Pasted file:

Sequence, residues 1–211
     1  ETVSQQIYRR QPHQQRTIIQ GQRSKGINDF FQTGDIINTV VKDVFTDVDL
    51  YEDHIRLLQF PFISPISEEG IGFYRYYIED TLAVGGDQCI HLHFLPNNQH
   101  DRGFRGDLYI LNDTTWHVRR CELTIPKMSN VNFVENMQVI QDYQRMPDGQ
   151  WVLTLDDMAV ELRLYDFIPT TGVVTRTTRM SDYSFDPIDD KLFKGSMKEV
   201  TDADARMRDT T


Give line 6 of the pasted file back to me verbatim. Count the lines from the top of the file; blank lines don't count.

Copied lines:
   201  TDADARMRDT T